Sendak’s voice leads children through the darkest thickets of their imagination, telling them where to take the right turn (especially when the right turn is the wrong one) to have a riotous adventure.
I’m not into concrete poetry for the same reasons that Donald Barthelme wasn’t into conceptual art: it seems too easy, and once you “get” it, you don’t need it anymore. But it’s a lot easier to dismiss genres than individual artists. My exception to the rule is Robert Zend.
After the stir over the release of Barack Obama’s letter on “The Wasteland” to his college girlfriend, the timing seemed right to dig into the epistolary archives of other contemporary political figures.
Full Stop Editor-in-Chief Alex Shephard’s interview with Art of Fielding author Chad Harbach (which we published in September) has been included with the paperback release of the book.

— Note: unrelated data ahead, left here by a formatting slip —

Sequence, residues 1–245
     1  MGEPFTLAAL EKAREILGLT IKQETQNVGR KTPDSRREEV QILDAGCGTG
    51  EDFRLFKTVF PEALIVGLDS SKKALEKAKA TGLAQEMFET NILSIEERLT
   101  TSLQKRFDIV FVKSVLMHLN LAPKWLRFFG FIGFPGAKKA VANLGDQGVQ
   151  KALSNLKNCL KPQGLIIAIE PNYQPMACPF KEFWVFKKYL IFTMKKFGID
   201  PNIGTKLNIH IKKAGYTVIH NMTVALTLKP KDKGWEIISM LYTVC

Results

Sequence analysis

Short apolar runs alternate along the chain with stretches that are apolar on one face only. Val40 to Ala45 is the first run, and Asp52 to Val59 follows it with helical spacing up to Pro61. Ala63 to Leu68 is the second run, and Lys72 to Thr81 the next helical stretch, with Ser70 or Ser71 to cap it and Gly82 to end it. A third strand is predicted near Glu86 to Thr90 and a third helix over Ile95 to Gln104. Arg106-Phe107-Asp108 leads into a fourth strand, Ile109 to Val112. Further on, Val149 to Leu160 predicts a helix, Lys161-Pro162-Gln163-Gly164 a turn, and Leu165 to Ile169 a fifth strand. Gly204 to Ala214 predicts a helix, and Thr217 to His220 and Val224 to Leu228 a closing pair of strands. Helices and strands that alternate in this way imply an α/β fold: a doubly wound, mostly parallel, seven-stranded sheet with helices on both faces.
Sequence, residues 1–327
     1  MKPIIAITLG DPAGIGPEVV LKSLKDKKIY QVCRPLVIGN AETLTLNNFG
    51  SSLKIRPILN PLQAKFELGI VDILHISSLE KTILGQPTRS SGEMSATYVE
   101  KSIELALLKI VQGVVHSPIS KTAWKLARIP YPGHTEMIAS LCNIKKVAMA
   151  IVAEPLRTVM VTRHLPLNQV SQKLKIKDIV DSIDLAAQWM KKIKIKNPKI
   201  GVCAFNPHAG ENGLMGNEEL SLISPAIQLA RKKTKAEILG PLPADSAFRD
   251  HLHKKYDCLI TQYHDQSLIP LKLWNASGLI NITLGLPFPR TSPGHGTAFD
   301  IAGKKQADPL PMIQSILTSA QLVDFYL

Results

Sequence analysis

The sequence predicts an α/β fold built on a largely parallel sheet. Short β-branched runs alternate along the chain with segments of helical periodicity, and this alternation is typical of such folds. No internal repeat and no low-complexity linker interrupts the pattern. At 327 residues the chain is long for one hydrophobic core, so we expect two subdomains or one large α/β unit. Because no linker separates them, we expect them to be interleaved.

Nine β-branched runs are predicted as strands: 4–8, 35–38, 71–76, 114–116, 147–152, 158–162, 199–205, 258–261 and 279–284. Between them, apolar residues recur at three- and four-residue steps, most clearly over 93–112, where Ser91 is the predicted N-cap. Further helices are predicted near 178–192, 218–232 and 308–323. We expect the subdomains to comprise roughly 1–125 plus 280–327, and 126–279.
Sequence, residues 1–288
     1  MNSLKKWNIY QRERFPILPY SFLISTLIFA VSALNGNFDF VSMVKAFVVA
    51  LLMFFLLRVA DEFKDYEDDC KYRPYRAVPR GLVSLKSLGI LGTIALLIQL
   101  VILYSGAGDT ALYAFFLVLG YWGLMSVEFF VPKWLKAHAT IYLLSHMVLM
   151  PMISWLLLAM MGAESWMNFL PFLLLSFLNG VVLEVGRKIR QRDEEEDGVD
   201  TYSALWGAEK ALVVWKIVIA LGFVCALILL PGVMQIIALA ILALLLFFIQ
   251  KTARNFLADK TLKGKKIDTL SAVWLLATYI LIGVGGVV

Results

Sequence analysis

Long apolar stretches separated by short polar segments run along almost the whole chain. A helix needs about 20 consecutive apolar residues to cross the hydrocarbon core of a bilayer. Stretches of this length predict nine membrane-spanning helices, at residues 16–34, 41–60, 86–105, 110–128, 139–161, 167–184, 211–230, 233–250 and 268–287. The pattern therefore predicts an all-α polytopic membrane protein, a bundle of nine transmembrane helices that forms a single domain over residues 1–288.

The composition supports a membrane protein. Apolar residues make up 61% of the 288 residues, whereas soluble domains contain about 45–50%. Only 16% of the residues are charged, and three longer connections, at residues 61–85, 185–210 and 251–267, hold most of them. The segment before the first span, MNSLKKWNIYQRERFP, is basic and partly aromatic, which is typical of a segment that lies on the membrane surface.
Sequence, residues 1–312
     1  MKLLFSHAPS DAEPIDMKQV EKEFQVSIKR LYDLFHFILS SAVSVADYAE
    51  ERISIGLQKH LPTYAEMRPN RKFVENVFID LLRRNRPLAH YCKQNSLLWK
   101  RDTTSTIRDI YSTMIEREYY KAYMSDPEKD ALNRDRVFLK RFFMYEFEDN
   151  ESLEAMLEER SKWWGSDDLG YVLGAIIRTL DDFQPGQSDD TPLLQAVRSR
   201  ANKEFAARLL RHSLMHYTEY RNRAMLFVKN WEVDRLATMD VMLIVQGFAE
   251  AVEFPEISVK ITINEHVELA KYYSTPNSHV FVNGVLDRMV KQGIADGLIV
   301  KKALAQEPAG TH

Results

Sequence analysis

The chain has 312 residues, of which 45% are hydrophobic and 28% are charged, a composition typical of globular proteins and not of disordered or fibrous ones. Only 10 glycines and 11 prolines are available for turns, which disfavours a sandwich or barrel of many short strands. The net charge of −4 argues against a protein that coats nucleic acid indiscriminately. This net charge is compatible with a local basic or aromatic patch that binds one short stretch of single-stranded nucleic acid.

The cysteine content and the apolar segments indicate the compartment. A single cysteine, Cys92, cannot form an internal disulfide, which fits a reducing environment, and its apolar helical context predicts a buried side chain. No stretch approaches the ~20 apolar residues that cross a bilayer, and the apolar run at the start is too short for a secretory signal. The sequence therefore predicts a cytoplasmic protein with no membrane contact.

If Parks and Recreation is positioning itself as a kind of parable for national politics, its clear distinction between the parameters of corporate and public power, so blurred in today’s laws and practices, makes it painfully obvious that much of what we consider commonplace in today’s political scene is not just morally unsound, but truly anti-republican and anti-democratic.